Article Information

Dichk M. Kanonge1

1Faculty of Theology, North-West University, Potchefstroom Campus, South Afric

This article was part of the third chapter of the author’s PhD thesis presented at the Potchefstroom Campus of the North-West University (South Africa) in 2009. The text of Susanna that will be used here is essentially the Theodotion version. This version has a most elaborate narrative focussing more on Susanna than the LXX does. The author is currently a post-doctoral fellow at North-West University.

Correspondence to:
Dichk Kanonge

Postal address:
112 Molen Street, NoordBrug 2531, South Africa

Received: 10 Apr. 2012
Accepted: 11 Sept. 2012
Published: 01 Mar. 2013

How to cite this article:
Kanonge, D.M., 2013, ‘Thematic irony in the story of Susanna’, HTS Teologiese Studies/Theological Studies 69(1), Art. #1255, 6 pages.

Copyright Notice:
© 2013. The Authors. Licensee: AOSIS OpenJournals.

This is an Open Access article distributed under the terms of the Creative Commons Attribution License, which permits unrestricted use, distribution, and reproduction in any medium, provided the original work is properly cited.
Thematic irony in the story of Susanna
In This Original Research...
Open Access
The analysis
   • Ironic expressions in episode one (vv. 1-14)
   • Ironic expressions in episode two (vv. 15-28)
   • Ironic expressions in episode three (vv. 28-45)
   • Ironic expressions in episode four (vv. 45-64)
   • Competing interests

It is commonly held that irony features significantly in Susanna. This seemingly plausible hypothesis, however, has not yet been supported by compelling evidence resulting from a systematic analysis of Susanna. This study attempts to fill this gap by investigating the main ironic expressions, words and incidents featuring in Susanna. The approach followed consists of uncovering expressions of irony embedded in the story by paying attention to ironic use of metaphor, ironic use of wordplay, ironic use of rhetorical questions, ironic understatements (e.g. litotes), ironic exaggeration (e.g. hyperbole), ironic use of social conventions and traditions and ironic attribution. It is the contention of this study that Susanna is a thematically ironic story. The use of reversed social conventions is the most powerful and the most abundant expression of irony in the story. This dominant derisive technique is possibly aimed at addressing the irrelevance as well as the abuse of Jewish social conventions in the Second Temple period.


This article investigates the occurrence of irony in the story of Susanna. Scholars assume that Susanna1 is highly ironic in its content as well as in the structure of its plot (cf. Clanton 2006:56, 57, 58, 64, 67, 75, 81, 83, 85; Dunn 1982:19−31; Gruen 1998; Haag et al. 1994:238; Kay 1913:642). Despite this scholarly awareness of the prevalence of irony as a literary phenomenon in the narrative, the topic nevertheless remains under-researched. Whilst for the most part the abovementioned scholars have been content to note considerable instances of irony in Susanna, typically in footnotes, no full-scale study on the emergence of this literary device in the narrative exists. The purpose of this contribution is to fill the gap by pointing out various types of irony embedded in the story of Susanna. The study will not consider the emplotment of the story since this aspect of the story merits an in-depth investigation of its own. Only ironic words, expressions and incidents emerging from the content of the story will be examined.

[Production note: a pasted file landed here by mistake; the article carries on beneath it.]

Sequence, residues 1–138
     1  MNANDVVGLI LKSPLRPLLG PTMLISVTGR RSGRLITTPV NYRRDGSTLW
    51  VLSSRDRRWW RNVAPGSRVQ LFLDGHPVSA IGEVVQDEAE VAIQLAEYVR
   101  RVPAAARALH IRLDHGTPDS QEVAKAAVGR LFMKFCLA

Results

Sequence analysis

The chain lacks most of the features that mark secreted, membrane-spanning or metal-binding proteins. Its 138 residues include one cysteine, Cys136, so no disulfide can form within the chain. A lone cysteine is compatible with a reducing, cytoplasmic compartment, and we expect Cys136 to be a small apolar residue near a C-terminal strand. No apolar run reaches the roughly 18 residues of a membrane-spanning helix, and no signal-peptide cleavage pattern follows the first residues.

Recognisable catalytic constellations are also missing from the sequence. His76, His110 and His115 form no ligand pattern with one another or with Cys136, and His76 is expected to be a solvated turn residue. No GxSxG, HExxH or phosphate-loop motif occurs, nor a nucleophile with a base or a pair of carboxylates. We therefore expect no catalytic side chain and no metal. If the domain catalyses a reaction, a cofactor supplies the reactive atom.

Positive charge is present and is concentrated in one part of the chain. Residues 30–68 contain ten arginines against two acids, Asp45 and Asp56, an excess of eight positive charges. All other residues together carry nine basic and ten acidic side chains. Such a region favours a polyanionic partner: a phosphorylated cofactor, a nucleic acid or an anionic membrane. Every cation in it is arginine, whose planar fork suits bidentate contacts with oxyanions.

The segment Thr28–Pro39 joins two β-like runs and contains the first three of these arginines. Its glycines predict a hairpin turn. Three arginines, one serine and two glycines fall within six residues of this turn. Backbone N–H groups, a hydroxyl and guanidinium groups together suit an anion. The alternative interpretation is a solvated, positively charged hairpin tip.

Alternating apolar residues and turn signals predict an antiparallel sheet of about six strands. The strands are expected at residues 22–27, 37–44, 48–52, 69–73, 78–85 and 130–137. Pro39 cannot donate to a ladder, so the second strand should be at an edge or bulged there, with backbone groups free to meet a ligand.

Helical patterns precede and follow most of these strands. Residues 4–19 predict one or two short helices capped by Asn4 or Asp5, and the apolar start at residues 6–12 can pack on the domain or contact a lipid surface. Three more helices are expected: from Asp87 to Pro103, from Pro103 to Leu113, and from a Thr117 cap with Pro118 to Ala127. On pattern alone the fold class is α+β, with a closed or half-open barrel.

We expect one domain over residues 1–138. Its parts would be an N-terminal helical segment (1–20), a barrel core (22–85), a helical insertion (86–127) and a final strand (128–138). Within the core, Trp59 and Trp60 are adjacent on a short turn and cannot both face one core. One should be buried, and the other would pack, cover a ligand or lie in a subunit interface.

The main techniques of irony that are available to authors and that will be followed by this study include the ironic use of metaphor, the ironic attribution, the ironic use of various kinds of wordplay, the ironic use of rhetorical questions, the ironic understatements (e.g. litotes), the ironic exaggeration (e.g. hyperbole) and the ironic use of social conventions and traditions (cf. Good 1981:129; Tubbs 1990:134−135; Shelly 1992:134). Ironic statements and incidents featuring in Susanna are mapped out below according to these techniques.

Concerning the extent of irony in a literary work, Good (1981) argues that:

[i]rony may take several forms. It may be a punctual irony, the use of words and expressions of ironic intention at particular, more or less isolated, ‘points.’ It may be episodic irony, the perception of an entire episode with an ironic aim or content. It may be the thematic irony, the conjunction of a number of episodes all of which point to an ironic theme or motif. (pp. 81−82)

Good’s contention reveals that the proportion of irony differs from one text to another. Whilst incidental irony may exist in many literary works, in some, however, irony constitutes the main communicative strategy exploited by an author to highlight a specific motif. The contention of this endeavour is that irony is not incidental to the message of Susanna. It seems to depict a technique through which the author chose to pass his message to his community. Therefore, Susanna can be considered as a thematically ironic narrative. The use of overturned social conventions appears to be the most powerful and the most abundant ironic expression in the story. This dominant ironic technique is possibly aimed at emphasising the irrelevance as well as the distortion of social conventions.

The article does not pretend to be an exhaustive presentation of all ironic expressions found in the story. Instead, only the most relevant of them are identified and discussed.